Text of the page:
how much house can you afford?

Determining How Much House You Can Afford

Many renters are tired of having a place they don’t feel they can really call their own, but are hesitant to jump into homeownership because they don’t know how much they can afford.  Determining how much house you can afford is an important question to answer before beginning the search process for a home, or a rent-to-own home.  The answer to this question is a bit complicated, so let’s break it down into digestible chunks. 

DTI (Debt to Income) Ratio

DTI, or debt-to-income ratio, is the first thing to consider when figuring out what you can afford.  Your DTI is essentially how much you owe vs. how much you earn.   To calculate your DTI first add up how much you owe in debts every month.  Debts in this case are things that you actually owe money on like loan payments or credit card payments.  Do not include things like utility payments or gym memberships.  Once you’ve got your monthly debt number divide that by your monthly income.  e.g.  $600  monthly debt /  $3,700 monthly income = 16.2% DTI.

Mortgage Costs

Now it’s time to calculate your potential mortgage payments. We’ll use the current prime federal interest rate of 3.5% and the average home price in the United States $222,700  as our example. There are some very simple mortgage calculators out there but it’s pretty easy to get a rough idea of how much a mortgage payment will cost you per month.  This calculation is done in two parts.   First you’ll need to calculate principal and then interest and add them up to get the total mortgage payment.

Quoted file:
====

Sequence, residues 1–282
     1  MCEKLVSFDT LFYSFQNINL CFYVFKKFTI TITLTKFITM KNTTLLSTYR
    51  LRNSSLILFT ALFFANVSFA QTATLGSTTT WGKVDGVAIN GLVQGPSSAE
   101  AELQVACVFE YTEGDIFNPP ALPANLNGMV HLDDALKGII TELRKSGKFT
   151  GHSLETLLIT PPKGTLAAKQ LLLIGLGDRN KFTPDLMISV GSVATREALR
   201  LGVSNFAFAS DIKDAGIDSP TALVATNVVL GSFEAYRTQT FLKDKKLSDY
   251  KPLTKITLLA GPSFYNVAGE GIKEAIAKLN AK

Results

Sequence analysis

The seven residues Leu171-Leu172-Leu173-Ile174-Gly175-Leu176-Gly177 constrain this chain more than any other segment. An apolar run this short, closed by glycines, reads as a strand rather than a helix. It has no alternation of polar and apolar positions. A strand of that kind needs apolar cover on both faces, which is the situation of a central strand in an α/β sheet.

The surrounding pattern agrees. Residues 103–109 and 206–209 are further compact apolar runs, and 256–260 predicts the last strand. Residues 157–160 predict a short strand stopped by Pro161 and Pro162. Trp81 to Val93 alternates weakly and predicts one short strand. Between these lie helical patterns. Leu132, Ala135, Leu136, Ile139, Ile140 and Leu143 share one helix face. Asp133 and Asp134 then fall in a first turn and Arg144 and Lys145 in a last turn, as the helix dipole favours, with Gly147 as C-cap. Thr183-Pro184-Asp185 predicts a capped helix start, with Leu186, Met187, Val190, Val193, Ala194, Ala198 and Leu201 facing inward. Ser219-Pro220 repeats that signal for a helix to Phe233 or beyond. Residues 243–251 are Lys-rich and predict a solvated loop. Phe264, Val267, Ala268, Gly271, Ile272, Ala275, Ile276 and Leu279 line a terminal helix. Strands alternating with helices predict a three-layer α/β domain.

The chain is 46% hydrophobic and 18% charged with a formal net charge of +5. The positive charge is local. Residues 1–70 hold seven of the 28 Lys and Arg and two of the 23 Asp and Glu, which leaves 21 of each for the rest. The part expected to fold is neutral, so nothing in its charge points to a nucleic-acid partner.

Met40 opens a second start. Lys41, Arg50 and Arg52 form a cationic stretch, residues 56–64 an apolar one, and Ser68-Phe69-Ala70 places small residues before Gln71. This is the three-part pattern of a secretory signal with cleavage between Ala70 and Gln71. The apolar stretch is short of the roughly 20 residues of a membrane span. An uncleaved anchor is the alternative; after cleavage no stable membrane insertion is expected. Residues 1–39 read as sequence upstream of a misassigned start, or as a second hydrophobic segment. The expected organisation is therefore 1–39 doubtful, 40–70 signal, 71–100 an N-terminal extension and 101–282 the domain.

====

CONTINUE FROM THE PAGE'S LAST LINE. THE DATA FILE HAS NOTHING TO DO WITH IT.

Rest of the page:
Principal – To calculate the portion of your principal payment is actually pretty simple just drop off the last three digits of the $222,700 and the portion of the principal payment is roughly $222

Interest – Interest is a fairly simple calculation as well.    Simply take your interest rate  3.5% and convert it to a whole number 0.035 then divide that by 12  to get the monthly interest rate (0.035 / 12 = .00291)  now multiply the monthly interest by the loan amount to find the interest paid per month  (.00291 * $222,700 = $649.54)

Add it up.  Now just put together your principal and interest to find the total mortgage payment.  $222 + $649.54 =  $871.54.

Putting it together

Now that you know your DTI and how much a mortgage payment is on the median home in America, you can figure out if you can afford it.  Most lenders believe that a 36% total DTI including your mortgage is acceptable risk.   It may be better for you to keep this percentage closer, or even under, 30% to avoid being house poor.    If we take the $871.54 mortgage payment and add it up with the debts we mentioned earlier of $600 and keep our monthly income at $3,700 we can quickly find out if we can afford this home.

($600 + $871.54 / $3,700 = .3877 or 38.7%)

At 38.7% DTI after taking on this mortgage we’d likely not qualify for this loan.

Take some time to figure out your financial situation and see how much house you can afford.  Remember there are always alternatives to a traditional mortgage; one of those alternatives is a rent-to-own home which can let you live in and rent the home that you’ll buy later down the road after building up savings and building up your credit.